Hello Bunuel - thank you so much for this fantastic post!
with regards to checking for primality:
Verifying the primality (checking whether the number is a prime) of a given number can be done by trial division, that is to say dividing by all integer numbers smaller than , thereby checking whether is a multiple of .
Example: Verifying the primality of : is little less than , from integers from to , is divisible by , hence is not prime.
Would it be accurate to say that a number is prime ONLY if it gives a remainder of 1 or 5 when divided by 6?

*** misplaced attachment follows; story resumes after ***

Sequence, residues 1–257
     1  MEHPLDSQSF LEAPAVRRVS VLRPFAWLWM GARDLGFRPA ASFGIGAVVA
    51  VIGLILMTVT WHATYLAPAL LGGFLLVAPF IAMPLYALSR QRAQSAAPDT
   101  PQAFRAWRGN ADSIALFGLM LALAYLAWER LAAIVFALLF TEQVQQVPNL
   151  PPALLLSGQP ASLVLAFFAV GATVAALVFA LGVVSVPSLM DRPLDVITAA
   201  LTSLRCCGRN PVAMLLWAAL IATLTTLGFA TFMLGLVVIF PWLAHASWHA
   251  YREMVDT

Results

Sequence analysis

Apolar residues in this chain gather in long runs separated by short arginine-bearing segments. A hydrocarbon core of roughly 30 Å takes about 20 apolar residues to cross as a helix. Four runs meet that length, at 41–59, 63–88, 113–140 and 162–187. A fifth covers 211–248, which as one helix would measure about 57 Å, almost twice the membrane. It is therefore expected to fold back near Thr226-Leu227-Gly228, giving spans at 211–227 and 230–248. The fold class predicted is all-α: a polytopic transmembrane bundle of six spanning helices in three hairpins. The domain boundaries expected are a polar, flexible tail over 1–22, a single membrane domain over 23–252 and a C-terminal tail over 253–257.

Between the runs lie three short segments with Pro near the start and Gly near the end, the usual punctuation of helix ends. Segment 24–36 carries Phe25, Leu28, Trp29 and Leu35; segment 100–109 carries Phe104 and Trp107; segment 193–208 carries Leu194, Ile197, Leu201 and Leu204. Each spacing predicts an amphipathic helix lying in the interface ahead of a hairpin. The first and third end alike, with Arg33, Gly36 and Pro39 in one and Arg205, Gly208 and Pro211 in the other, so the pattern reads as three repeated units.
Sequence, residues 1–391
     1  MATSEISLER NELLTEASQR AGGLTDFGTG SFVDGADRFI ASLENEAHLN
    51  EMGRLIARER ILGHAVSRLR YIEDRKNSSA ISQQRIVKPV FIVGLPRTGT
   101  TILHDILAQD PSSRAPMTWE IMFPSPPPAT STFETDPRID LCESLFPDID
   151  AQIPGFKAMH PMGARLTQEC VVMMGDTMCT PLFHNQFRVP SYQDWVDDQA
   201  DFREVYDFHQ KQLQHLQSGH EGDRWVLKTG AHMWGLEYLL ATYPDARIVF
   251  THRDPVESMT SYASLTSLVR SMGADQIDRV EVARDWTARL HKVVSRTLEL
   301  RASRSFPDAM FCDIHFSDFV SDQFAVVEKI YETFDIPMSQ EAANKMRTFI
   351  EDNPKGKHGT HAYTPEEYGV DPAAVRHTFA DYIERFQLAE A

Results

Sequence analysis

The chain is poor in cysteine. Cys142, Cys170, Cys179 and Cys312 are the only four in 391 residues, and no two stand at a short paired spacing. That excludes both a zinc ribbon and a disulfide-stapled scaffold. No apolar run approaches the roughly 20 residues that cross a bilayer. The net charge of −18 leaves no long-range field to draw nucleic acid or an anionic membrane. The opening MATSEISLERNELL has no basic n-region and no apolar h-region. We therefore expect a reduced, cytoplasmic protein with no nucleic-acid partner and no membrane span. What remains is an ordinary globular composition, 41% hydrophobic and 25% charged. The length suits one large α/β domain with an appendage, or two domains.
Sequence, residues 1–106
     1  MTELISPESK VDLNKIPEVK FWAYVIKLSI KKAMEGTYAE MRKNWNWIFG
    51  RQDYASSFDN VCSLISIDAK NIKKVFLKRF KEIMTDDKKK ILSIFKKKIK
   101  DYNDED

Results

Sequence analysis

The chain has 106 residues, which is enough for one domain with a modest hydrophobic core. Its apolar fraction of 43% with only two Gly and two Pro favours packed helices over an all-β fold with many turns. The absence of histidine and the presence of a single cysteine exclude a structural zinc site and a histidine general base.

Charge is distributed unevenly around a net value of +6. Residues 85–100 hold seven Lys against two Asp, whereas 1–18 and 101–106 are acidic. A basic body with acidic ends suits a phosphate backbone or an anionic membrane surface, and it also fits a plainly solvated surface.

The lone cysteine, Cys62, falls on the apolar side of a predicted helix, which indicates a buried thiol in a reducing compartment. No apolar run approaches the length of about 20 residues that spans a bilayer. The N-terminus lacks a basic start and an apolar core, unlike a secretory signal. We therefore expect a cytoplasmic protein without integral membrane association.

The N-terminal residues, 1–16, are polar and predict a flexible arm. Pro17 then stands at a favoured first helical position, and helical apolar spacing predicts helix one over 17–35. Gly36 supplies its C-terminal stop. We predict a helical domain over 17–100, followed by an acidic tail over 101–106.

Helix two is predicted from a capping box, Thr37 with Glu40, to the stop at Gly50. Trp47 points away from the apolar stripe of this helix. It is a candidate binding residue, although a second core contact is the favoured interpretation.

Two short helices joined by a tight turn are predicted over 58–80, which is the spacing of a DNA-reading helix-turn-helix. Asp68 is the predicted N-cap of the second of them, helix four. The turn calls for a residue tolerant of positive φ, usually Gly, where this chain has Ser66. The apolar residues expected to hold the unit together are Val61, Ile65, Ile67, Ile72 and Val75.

i.e, for eg. 10973/6 gives a remainder of 5, so it has to be prime...
i found the reasoning behind this in one of the OG solutions:
prime numbers always take the form: 6n+1 or 6n+5 ....
the only possible remainders when any number is divided by 6 are [0,1,2,3,4,5] ...
A prime number always gives a remainder of 1 or 5, because:
a) if the remainder is 2 or 4, then the number must be even
b) if the remainder is 3, then it is divisible by 3 ...
hence, if a number divided by 6 yields 1 or 5 as its remainder, then it must be prime